Tel Aviv U rector slams campus Democracy Week on judicial reform, says no open-mindedness

“We did not come to hear those who think differently from us,” laments Tel Aviv University Rector Mark Shtaif.

By World Israel News Staff

Amid the current controversy regarding the Israeli government’s plans for judicial reform, which sparked mass demonstrations across the country for the past 10 weeks, Tel Aviv University is hosting “Israel Democracy Week’ to discuss the issues.

The TAU rector, Prof. Mark Shtaif, clashed with his colleagues who oppose the legal reform, Channel 14 reports.

“Democracy Week began with an impressive demonstration, and you won,” Shtaif wrote to his colleagues, saying that only one side of the debate was presented.

“If there was anyone in this audience who was honestly or innocently debating between his support for the reforms and his opposition to it, then he would not have stayed there after the second or third speaker…

“We did not come to listen to those who think differently from us, not even to those who do not know what they think and want to ask questions,” Shtaif continued.

“We came to demonstrate, lecture, preach, condescend and tell everyone how good, enlightened, wise and loyal we are, while everyone who is not with us is a dark person who supports a dictatorship and has no morals.

“Instead of talking about what can be done, we chose to fortify our positions and talk only about what is not possible. We chose to refuse to listen,” he wrote, claiming “with great pain” that any opposing opinion was shut down.

“If I had any hope that something constructive and useful would come out of this Democracy Week at Tel Aviv University, it was eliminated in one fell swoop.”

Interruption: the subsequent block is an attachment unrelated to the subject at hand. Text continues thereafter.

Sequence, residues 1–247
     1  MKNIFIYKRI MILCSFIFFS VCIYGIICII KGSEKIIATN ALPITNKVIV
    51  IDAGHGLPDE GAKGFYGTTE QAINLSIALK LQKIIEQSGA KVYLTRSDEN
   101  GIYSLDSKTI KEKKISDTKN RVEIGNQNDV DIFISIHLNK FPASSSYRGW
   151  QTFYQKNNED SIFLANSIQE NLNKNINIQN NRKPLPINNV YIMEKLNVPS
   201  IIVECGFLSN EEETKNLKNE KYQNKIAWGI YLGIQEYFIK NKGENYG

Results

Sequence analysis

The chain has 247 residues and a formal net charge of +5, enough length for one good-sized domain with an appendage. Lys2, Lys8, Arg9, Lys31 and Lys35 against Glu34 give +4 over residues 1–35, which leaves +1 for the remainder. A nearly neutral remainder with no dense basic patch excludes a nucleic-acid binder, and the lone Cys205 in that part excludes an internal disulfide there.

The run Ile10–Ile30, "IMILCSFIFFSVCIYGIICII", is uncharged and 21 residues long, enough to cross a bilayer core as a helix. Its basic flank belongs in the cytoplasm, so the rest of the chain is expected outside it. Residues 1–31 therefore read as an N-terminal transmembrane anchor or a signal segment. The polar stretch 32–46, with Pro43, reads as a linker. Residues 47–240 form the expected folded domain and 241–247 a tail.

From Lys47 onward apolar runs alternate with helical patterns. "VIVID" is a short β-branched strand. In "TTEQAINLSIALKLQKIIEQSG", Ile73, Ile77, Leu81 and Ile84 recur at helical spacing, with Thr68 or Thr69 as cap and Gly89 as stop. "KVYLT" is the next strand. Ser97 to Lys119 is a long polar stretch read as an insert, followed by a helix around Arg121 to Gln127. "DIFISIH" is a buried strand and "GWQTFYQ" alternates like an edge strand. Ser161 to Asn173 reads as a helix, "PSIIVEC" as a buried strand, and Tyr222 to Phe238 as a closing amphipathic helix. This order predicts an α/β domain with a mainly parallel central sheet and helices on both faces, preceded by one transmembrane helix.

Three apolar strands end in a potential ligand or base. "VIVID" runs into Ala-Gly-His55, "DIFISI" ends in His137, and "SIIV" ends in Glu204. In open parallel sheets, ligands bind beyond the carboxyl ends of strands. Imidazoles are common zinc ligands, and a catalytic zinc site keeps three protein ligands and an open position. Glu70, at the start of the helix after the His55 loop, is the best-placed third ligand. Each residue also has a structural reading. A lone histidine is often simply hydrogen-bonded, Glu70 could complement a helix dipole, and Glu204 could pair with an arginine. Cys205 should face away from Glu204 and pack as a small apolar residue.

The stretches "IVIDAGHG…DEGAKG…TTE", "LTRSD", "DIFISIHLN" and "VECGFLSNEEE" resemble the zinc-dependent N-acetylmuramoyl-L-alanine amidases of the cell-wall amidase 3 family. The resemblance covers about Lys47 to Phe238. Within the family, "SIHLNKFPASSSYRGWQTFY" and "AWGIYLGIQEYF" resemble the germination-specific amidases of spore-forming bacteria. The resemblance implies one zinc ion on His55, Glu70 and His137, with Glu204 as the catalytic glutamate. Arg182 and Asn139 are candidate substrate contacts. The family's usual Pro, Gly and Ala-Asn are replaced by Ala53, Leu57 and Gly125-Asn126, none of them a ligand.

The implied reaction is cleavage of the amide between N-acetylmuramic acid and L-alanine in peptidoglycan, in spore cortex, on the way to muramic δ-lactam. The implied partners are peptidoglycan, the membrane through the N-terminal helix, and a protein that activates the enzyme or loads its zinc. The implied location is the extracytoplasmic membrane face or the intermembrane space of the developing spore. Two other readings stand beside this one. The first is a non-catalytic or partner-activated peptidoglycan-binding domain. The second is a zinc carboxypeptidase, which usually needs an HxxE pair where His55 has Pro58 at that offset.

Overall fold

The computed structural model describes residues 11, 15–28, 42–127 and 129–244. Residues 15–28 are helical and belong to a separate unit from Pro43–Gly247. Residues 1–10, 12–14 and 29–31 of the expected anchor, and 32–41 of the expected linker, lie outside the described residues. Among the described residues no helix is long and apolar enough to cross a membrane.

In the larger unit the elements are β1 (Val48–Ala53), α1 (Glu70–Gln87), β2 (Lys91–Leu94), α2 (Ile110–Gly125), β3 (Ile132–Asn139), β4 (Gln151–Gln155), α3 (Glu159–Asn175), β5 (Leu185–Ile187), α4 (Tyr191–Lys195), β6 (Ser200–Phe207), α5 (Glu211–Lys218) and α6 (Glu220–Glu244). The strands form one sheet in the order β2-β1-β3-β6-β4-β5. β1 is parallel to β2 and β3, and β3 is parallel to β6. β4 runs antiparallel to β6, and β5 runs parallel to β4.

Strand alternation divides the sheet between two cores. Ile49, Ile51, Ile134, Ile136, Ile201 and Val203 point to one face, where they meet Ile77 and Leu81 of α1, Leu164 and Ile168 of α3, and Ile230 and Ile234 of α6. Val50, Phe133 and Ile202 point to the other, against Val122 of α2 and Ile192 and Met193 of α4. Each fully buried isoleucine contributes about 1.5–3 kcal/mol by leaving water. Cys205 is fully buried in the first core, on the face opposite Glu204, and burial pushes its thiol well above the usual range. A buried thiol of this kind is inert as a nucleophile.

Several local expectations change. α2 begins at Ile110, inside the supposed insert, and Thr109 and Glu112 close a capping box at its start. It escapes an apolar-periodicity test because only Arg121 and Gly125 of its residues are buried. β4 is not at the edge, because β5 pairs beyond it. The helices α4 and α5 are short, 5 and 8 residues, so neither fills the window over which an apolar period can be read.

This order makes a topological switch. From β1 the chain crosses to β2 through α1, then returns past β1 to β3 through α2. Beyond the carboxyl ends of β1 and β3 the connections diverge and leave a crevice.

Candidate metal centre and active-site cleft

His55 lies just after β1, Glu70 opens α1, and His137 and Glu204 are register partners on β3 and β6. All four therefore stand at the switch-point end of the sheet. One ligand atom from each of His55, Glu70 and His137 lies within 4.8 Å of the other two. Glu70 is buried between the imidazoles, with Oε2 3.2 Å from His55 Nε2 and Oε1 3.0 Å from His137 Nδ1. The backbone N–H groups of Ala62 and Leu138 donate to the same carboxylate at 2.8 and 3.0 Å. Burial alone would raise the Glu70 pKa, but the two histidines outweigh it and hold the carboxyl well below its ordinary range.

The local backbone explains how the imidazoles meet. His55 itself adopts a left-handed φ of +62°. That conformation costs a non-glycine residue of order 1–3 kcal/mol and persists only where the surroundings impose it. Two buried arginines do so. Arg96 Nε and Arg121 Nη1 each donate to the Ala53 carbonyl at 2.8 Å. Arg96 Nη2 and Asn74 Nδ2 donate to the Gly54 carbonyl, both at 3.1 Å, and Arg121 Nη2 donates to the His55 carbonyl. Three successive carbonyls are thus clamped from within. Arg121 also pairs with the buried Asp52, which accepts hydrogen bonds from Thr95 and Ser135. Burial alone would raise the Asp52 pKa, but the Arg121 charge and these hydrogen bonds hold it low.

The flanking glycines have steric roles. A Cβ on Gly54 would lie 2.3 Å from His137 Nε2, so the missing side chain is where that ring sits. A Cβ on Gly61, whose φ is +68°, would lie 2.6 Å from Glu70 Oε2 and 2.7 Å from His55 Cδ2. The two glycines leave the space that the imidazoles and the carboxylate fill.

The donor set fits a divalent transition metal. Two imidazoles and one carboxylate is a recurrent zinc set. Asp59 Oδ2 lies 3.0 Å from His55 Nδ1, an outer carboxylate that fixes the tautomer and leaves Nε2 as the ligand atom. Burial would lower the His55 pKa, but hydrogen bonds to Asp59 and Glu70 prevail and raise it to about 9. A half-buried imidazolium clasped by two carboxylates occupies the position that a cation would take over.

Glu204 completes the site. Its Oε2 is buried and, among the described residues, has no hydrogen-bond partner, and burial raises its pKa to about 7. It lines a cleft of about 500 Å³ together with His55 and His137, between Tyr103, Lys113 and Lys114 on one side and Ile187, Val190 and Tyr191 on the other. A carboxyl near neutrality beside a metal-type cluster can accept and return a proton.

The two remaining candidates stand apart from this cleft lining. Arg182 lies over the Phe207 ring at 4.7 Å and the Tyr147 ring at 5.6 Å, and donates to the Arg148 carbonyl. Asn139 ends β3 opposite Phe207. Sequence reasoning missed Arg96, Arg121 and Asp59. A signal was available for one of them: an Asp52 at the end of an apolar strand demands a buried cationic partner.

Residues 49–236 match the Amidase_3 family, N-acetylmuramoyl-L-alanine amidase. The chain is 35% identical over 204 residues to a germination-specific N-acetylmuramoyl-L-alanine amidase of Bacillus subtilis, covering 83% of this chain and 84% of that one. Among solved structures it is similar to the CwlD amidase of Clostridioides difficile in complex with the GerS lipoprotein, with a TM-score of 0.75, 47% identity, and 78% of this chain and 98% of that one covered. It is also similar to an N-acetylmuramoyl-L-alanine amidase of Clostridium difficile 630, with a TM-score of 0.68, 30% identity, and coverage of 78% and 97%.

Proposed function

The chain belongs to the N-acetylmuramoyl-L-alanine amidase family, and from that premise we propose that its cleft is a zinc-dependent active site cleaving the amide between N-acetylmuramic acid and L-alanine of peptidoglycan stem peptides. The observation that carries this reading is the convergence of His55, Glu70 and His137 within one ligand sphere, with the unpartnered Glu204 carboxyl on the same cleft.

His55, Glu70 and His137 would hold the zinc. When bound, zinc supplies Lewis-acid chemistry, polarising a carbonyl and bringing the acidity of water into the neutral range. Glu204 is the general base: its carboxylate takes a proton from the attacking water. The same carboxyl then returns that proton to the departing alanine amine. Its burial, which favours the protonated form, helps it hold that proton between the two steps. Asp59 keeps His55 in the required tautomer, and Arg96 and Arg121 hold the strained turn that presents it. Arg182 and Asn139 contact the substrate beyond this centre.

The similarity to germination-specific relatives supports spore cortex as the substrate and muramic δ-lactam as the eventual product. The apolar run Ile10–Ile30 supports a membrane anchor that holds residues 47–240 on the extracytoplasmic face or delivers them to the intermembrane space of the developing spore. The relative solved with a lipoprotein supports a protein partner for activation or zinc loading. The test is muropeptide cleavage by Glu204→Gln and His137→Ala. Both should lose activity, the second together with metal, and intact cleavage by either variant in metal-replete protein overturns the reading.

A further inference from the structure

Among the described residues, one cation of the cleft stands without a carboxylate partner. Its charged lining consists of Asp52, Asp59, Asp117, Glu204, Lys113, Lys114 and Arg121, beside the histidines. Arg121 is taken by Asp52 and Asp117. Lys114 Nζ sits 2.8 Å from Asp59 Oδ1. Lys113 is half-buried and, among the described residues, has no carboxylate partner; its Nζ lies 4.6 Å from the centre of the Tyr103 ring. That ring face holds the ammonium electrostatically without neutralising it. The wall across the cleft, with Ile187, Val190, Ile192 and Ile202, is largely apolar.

The student protesters responded angrily to the rector, saying they were “saddened that this is how Professor Mark Steiff chose to express himself…

“We have come to fight for our future. To fight for our rights. His Honor may not feel that his rights will be conditional upon the completion of the coup d’état, but the women, Arabs, LGBTs and minorities who are among the university students certainly feel that way.

“There is definitely room for discourse and discussion, and there is room for debate. But to produce a balanced discourse about an unbalanced coup is ridiculous at best, and false at worst. The protests have been going on for months and the coup engineers have not stopped for even a moment…

“Professor, don’t be on the wrong side of history.”

Shai Rosengarten, head of education at the Zionist Im Tirtzu movement on campuses, said, “Kudos to the rector for demonstrating that behind the veil of communication and freedom of expression is silence and indoctrination. Not only the legal system needs reform; so do the academies.”

Minister of Culture and Sports Miki Zohar (Likud) also concurred with the rector. “There is no limit to hypocrisy,” he said. “Those who have been preaching to us here for many weeks about democracy are shutting down those who dare to think otherwise. Apparently, the fight is not about democracy and freedom, but mainly an attempt to silence those who hold other beliefs.”

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